INF551 – Computational logic: from Artificial intelligence to Zero bugs

Computational logic has been used in a wide range of application in computer science, ranging from the deductive approach to Artificial Intelligence advocated by AI’s founder John McCarthy, to proving the absence of bugs in large industrial software such as the 14th metro line in Paris, or checking difficult theorems the as the one of Feit-Thompson in the classification of finite simple groups.

The goal of this course is to explain how logic can be used in order for modeling problems of computational or mathematical nature, and how computers can be used to achieve this. In particular, we will present proof assistants, which allow to formalize human reasoning by interactively constructing proofs, and explain their use to certify the absence of bugs in programs.

This is based on the so-called Curry-Howard correspondence: a program is the same as a proof (or, more precisely, a typed functional program corresponds to a derivation of its type). We will gradually introduce the required notions:

Then in order to reach realistic applications, we will present the proof assistant Agda and dependent logic which underlies it. Time permitting, we will also present various important related notions and techniques such as set theory or homotopy type theory.

This course is also about logic in practice: all the TDs will be on computer, using OCaml and then Agda.

Pre-requisites: some basic knowledge of logic, the INF412 course being perfect for this, otherwise reading some introductory book on logic over the summer is recommended (see the references below).

Course notes

The course notes are available here.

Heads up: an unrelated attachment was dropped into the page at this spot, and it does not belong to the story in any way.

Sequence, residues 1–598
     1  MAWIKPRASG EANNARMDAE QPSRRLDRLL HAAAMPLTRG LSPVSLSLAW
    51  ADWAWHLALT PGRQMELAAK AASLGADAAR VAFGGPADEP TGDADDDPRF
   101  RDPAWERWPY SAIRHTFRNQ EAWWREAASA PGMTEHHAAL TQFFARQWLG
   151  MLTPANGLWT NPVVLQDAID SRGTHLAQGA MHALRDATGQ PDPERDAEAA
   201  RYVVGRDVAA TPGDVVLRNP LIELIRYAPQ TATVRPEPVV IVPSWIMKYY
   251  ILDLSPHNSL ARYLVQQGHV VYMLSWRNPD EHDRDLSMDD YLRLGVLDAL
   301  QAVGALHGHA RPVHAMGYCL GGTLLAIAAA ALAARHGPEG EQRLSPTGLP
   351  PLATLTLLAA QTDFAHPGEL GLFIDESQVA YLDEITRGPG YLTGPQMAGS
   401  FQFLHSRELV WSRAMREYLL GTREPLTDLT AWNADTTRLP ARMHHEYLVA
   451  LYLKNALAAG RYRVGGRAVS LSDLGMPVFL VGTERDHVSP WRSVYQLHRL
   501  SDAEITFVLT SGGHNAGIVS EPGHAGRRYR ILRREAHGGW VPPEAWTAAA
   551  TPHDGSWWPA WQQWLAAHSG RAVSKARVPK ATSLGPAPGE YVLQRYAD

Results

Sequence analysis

You can order a printed copy on Amazon (bibtex).


Here are the slides for the course:

  1. Functional programming
  2. Natural deduction
  3. Pure λ-calculus
  4. Simply typed λ-calculus
  5. Agda
  6. First-order logic
  7. Dependent types
  8. Homotopy types


Before beginning with the first TD, you are advised to read getting started with OCaml if you are not so familiar with this language.

  1. Typing a simple programming language
  2. Satisfiability of boolean formulas
  3. The λ-calculus
  4. Implementing a propositional prover
  5. Propositional logic in Agda
  6. Inductive types (over two sessions)
  7. Sorting (over two sessions)
  8. Typing a simple programming language (again)


Apart from the course notes, good references on the subject include:


The course takes places on Friday afternoon.





Where to find internships

Research labs:



Other resources:

Where to find master 2 courses

If you liked this course I would strongly recommend that you follow the MPRI next year. In particular, the following courses are about closely related topics:

(this is especially true for 2.4, 2.7.1 and 2.7.2).